Hearst’s SF Chron to Cut Newsroom by 25%

Here’s the Chronicle’s own piece announcing the cuts:

Eighty reporters, photographers, copy editors and others, as well as 20 employees in management positions are expected to be laid off by end of the summer. Chronicle Publisher Frank Vega said Friday that voluntary buyouts are likely to be offered.

Vega declined to say whether the paper is continuing to lose $1 million a week, as Hearst attorney Daniel Wall stated in court in November during a hearing on an antitrust suit filed by San Francisco businessman Clint Reilly.

As the article itself points out this may accelerate further declines not shore up losses and stabilize the organization. Still, if the numbers above are real, there was a need to do something.

There are reactions from Dan Gillmor and many others, as well as related discussion from Mark Potts about the industry more generally. Some of the commentators discuss newspapers taking refuge in “hyper-localism.” There’s truth there — at least in terms of the importance of the local connection — but it’s not that simple. The challenges reside in a mixture of quality content, features and usability.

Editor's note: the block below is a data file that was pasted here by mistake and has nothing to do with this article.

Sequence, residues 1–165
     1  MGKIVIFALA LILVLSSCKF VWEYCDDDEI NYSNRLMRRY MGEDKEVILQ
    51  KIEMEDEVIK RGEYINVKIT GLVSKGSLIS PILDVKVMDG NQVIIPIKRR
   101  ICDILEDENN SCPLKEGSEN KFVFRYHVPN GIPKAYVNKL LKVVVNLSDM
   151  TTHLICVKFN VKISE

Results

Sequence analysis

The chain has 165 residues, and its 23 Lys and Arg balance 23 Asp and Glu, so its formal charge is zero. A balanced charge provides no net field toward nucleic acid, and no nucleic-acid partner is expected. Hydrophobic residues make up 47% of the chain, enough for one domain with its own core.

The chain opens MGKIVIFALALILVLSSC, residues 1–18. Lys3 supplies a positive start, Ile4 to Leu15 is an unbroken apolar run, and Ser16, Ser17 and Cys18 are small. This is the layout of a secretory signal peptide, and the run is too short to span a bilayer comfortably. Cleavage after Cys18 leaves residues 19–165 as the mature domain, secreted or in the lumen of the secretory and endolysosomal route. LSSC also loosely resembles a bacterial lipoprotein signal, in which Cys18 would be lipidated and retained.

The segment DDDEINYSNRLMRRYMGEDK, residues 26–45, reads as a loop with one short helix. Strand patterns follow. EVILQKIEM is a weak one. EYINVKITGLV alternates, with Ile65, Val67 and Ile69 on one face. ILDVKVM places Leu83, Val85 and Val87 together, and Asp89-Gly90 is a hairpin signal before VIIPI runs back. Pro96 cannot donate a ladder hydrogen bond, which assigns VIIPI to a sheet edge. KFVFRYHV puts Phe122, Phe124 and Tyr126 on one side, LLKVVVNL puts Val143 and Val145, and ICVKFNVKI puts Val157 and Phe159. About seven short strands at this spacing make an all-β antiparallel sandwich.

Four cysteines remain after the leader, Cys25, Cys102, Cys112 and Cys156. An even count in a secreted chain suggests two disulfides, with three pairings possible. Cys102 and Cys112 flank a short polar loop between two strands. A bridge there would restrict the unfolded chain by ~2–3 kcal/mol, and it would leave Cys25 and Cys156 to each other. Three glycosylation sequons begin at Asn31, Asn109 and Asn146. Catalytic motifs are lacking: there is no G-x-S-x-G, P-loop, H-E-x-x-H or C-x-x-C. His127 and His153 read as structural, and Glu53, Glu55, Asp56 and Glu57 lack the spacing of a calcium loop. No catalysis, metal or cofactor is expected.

For years I’ve believed that “newspapers should own local.” A lack of resources, sometimes vision, but more often resolve and cultural inertia (until recently) have seen newspapers make incremental changes (with a few exceptions) while others have more aggressively pushed into their markets.

Newspaper sites have gotten much better but still aren’t as easy to use and engaging as some of their competitors.

One Response to “Hearst’s SF Chron to Cut Newsroom by 25%”

  1. Newspapers, HotJobs and Yahoo! « Screenwerk Says:

    […] Not long after the SF Chronicle’s 25% newsroom cuts were announced Media News’ San Jose Mercury plans similar staff reductions (via […]

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